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In Nalwa v. Cedar Fair, L.P., 55 Cal. 4th 1148 (2012), decided in December, 2012, the California Supreme Court expanded the application of the “primary assumption of risk” doctrine, which had previously been limited to sporting activities, to potentially any inherently dangerous recreational activity. The doctrine acts as an absolute defense for co-participants, organizers and business operators against liability for injuries caused by risks that are inherent in an activity.
The plaintiff in Nalwa sued an amusement park after she fractured her wrist when the bumper car she was riding in collided with another bumper car. The plaintiff argued that the park owed her a duty of care to prevent injury, and that the ride was designed in an unsafe manner. The amusement park argued that the plaintiff assumed the risk of injury, because her injury was a result of the danger normally inherent in riding in a bumper car.
Prior to Nalwa, the Supreme Court’s application of the primary assumption of risk defense had been limited to plaintiffs who had participated in inherently dangerous sporting activities. The court had reasoned that, in those circumstances, imposing liability for injury upon co-participants in, and organizers of, inherently dangerous sporting activities could change the nature of the activity, or might inhibit vigorous participation. Kahn v. East Side Union High School Dist. (2003) 31 Cal.4th 990, 1003. The primary assumption of risk doctrine evolved to prevent such a “chilling effect” upon participation in sporting activities in which the risk of injury is inherent. Knight v. Jewett, 3 Cal.4th 296.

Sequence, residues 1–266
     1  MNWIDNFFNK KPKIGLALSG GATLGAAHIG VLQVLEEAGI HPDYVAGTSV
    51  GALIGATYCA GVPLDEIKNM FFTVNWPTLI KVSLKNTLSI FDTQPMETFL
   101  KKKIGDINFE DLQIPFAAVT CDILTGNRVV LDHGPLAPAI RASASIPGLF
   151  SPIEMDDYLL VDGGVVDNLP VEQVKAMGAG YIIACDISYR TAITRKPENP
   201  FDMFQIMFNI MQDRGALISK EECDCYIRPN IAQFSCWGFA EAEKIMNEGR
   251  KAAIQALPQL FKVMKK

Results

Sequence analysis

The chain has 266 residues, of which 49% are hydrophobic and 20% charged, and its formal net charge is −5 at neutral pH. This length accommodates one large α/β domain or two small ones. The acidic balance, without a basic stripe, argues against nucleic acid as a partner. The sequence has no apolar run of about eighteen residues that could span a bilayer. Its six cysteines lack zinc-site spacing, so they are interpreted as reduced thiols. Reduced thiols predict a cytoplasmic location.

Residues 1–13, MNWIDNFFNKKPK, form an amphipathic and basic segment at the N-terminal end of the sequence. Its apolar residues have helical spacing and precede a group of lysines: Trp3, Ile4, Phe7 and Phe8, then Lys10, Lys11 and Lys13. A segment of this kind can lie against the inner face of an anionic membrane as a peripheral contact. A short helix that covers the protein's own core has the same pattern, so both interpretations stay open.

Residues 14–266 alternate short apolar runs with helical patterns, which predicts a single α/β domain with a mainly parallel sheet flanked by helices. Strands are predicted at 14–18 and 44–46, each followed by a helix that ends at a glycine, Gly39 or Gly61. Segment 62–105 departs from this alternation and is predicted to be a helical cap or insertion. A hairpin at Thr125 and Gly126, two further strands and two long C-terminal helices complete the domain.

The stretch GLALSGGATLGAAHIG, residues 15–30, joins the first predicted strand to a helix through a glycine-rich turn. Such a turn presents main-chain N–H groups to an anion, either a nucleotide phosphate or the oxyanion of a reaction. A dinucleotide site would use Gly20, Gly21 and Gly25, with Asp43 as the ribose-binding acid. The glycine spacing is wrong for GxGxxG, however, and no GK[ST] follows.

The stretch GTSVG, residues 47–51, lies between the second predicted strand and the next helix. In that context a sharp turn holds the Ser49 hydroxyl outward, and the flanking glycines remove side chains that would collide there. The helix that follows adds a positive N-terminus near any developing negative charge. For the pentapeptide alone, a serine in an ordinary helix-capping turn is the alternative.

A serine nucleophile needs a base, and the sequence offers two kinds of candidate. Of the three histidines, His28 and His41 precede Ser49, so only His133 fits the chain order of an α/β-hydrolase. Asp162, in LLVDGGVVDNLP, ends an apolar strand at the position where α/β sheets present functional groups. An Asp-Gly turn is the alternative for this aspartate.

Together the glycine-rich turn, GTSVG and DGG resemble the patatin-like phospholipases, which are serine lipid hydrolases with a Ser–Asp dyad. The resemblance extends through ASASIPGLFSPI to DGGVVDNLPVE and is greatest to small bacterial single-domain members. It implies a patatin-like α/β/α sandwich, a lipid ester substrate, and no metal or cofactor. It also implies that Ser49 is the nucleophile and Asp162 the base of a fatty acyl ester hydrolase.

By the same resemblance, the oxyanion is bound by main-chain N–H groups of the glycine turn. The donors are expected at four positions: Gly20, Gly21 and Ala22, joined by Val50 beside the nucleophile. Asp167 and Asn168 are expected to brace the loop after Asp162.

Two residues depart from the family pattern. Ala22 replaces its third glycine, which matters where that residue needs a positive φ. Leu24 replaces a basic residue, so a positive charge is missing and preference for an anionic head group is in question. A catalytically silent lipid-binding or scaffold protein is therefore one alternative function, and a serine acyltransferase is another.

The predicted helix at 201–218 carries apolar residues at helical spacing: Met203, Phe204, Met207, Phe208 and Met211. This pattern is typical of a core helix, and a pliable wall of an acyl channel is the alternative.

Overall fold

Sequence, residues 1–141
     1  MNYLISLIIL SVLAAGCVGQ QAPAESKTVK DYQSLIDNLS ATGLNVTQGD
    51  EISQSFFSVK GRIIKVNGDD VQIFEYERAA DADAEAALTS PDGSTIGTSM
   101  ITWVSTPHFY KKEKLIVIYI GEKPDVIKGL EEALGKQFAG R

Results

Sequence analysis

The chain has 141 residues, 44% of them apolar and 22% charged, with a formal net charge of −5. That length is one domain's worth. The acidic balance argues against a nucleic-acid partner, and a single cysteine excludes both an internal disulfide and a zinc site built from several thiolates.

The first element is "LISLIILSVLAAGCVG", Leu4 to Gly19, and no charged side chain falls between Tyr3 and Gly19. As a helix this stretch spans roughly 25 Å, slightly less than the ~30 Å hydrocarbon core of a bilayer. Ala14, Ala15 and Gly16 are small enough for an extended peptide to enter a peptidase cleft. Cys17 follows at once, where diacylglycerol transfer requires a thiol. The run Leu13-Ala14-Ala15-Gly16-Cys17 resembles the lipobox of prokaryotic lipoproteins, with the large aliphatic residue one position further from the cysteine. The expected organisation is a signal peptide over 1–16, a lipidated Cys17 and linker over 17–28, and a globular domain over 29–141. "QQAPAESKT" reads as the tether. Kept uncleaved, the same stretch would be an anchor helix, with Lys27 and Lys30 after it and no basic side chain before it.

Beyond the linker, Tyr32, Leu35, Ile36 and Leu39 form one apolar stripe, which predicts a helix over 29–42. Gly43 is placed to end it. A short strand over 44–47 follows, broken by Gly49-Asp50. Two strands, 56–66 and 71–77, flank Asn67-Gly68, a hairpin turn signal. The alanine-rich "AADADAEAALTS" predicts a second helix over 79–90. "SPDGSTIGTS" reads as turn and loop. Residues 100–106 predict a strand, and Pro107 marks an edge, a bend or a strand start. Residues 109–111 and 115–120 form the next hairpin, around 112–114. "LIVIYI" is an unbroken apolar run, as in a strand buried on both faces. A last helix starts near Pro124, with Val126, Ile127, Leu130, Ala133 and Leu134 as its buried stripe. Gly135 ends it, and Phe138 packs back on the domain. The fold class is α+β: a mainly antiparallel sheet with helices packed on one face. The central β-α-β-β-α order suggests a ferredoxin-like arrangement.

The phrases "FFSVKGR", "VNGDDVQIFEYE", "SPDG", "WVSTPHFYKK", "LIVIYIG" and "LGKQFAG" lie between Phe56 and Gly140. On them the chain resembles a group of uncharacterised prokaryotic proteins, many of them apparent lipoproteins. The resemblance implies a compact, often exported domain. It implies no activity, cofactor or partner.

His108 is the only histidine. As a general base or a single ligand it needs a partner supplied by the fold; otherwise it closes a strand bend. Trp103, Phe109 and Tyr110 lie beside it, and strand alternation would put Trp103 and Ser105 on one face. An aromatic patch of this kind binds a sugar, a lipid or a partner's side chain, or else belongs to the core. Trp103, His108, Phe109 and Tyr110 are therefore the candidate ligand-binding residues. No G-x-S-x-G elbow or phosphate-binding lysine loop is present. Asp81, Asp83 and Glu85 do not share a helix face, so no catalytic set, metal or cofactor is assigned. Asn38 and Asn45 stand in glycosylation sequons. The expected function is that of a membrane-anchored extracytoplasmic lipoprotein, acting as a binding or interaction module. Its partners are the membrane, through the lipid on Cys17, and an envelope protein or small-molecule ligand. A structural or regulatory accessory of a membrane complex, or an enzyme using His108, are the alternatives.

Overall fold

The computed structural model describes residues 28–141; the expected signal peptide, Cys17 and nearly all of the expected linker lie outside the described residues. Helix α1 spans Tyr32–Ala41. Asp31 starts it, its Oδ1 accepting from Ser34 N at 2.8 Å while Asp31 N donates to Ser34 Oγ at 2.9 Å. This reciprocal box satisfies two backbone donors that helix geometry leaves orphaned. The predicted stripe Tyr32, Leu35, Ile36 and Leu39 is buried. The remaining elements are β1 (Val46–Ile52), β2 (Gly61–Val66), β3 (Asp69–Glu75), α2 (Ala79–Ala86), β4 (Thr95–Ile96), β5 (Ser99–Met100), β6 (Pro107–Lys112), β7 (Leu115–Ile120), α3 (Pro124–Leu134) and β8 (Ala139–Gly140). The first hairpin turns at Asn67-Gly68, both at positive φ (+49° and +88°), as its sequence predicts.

The Supreme Court in Nalwa held that “the primary assumption of risk doctrine is not limited to activities classified as sports, but applies to other recreational activities involving an inherent risk of injury to voluntary participants…where the risk cannot be eliminated without altering the fundamental nature of the activity.” (55 Cal. 4th 1148 (2012)). Riding a bumper car is an inherently risky recreational activity and the plaintiff fractured her wrist during a collision, which is a risk inherent in participating in a bumper car ride.
The Nalwa decision should provide support to vessel owners and operators who argue that certain accidents and injuries in connection with the operation of recreational vessels are risks that are within the range of those expected and inherent in the activity. Therefore, these risks are assumed by the plaintiff/participant.
It must be emphasized, however, that the primary assumption of risk doctrine only protects co-participants, operators and organizers of recreational activities from liability for risks normally inherent in the activity. Nalwa does not change the legal principle that a co-participant, operator or organizer can be liable for injuries from the activity where they commit acts or omissions which increase the inherent dangers in the activity, beyond those which would normally be expected.
If you have questions about the Nalwa decision or how it might affect you or your business? Please contact Mark Tepper at email@example.com or Galin Luk at firstname.lastname@example.org if you have any questions at or (415) 438-4600.